Performing arts venues as archives: how to fill in the blank?

During the pandemic many theatres and performing arts venues started their own streaming of mostly current, but also historic productions of their houses. They thus moved into the light of attention as bearers of the history of the performing arts alongside the institutionalised archives and collections of the performing arts.
His Majesty's Theatre, Perth. Photo: JarrahTree, CC BY 2.5 AU, via Wikimedia Commons

During the pandemic many theatres and performing arts venues started their own streaming of mostly current, but also historic productions of their houses. They thus moved into the light of attention as bearers of the history of the performing arts alongside the institutionalised archives and collections of the performing arts.

This text focuses on the thought of how this new presence of the past in the venues might open up but also limit some of the work conditions of archival and cultural heritage institutions who are responsible for collecting and presenting the history and presence of the performing arts.

The significance of theatre streams and on demand availability of theatre recordings during the pandemic

Already in the beginning of march 2020, shortly after the first restrictions regarding traveling and working during the pandemic were introduced,, Germany’s main independent theatre critiques’ platform, started collecting and listing streaming offers of tv stations, theatre and production houses as well as theatre companies.

The so called Nachtkritikstream provided a schedule of digitally available performing arts productions, performing arts events, digital conferences as well as discussions on usage of digital media. This offer was and still is highly frequented and is often the first point of entry for information about where theatre in Germany can be watched on the internet.

As theatres and other venues had to close for an unpredictable time (however, after a careful restart in most of the Bundesländer, restrictions are starting to reappear) the question on substituting performing arts and performative events was and is intensely discussed.

The most important missing aspects of the performing arts during this time seem to be highly deictic: their liveness, their temporallity and locality, their here and now as essential parts of the performing arts experience were often mentioned when conferences focused on the question of the why and the whereabouts of digital offerings in the sector. It is thus quite interesting how performing arts venues and companies tried to substitute this experience through and within digital media.

Een interessante manier om een dergelijke digitale aanbod te onderzoeken is door het te structureren op basis van de ‘nabijheid’ tot het live-aspect van het evenement. Daarbij zet je tijdstip, locatie en de overdracht naar digitaal uit tegenover live-evenement op een locatie. Een structuur zou in dit geval kunnen zijn:

  1. Content produced for a live video audience performed on the original stage: This content was produced during the pandemic and was already intended to be shown in digital live form. It thus suggests to be locally and temporally close to a live experience. This digital approach is used as a tool to connect the intended stage performance and a displaced audience, not changing the original idea of the live event.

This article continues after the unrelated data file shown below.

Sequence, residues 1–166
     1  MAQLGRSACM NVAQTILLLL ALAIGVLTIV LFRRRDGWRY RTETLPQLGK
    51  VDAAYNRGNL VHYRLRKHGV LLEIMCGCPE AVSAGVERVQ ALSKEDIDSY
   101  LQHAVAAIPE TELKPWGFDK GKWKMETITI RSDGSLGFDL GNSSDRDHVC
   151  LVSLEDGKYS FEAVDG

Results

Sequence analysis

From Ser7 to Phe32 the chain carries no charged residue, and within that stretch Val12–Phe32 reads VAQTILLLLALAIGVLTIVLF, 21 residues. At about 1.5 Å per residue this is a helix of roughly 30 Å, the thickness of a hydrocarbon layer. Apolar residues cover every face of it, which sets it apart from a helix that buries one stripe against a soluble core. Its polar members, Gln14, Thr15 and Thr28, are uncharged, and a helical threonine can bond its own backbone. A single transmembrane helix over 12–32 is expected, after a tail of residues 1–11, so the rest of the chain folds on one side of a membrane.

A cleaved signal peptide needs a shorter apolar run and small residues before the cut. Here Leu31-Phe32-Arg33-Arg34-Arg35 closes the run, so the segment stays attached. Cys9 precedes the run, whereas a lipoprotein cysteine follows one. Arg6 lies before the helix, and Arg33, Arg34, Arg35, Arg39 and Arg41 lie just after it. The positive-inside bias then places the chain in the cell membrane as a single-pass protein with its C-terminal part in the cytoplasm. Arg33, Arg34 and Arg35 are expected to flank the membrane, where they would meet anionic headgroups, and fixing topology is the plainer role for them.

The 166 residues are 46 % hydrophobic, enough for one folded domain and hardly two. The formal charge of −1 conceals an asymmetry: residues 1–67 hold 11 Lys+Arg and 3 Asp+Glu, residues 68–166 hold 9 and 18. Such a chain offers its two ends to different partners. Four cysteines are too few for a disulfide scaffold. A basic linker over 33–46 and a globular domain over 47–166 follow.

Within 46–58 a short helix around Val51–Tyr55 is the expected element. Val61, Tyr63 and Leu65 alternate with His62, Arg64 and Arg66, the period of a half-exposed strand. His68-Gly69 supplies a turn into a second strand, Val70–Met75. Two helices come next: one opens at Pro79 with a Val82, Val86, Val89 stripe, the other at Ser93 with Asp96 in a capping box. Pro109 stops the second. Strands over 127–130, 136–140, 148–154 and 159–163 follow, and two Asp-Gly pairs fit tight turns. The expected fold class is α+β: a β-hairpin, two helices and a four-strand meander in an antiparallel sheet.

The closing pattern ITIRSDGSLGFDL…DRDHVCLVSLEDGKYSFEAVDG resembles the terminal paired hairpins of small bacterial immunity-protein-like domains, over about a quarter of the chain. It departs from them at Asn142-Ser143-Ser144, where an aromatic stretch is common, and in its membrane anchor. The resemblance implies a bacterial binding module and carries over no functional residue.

2. Content produced on and for the stage, already existing on video, but produced for various, pre-pandemic reasons (rehearsal, documentation, presentation). Quality in this case is often very varied, some of the material being poor, some of it being TV- or cinema-grade. Time mostly isn’t mentioned (or of no relevance to watching it) OR it is mentioned as the video material shows an exceptional or especially notable (previous) event. However, this form of content suggests being locally close to the live experience. In this case, the digital approach is used as a tool for visibility of the performing arts production and the performing arts venue, not changing the original idea of the live event.
  3. Content produced for a live video/online audience (might be on the stage but might also be at other places). This approach often works with experimental performative forms but also with experimental forms of contact with the audience. The local aspect is not necessarily close to a stage experience, however the temporal position is approximating the live experience. In this case, the digital approach is thought and realized as part of the production, often combined with a cultural and media-critical perspective.
  4. Content produced for the Internet/for special digital formats, not necessarily resembling a classic live performance (might again be on the stage but might also be at other places). This approach also often works with experimental performative forms, but the content often gets preproduced. Thus, the digital approach neither locally nor temporally is used to approximate a live (shared) experience, but works as an elementary part of the performing arts process.

The question of displacement

The discourse on streaming of performing art events mostly comprises the question whether the live experience, the place- and time-based localizing, can be shifted to the internet/to the digital space. This question is however very similar to the question that has since many years been directed at the archives and heritage institutions of the performing arts – it’s the question of displacement in the arts.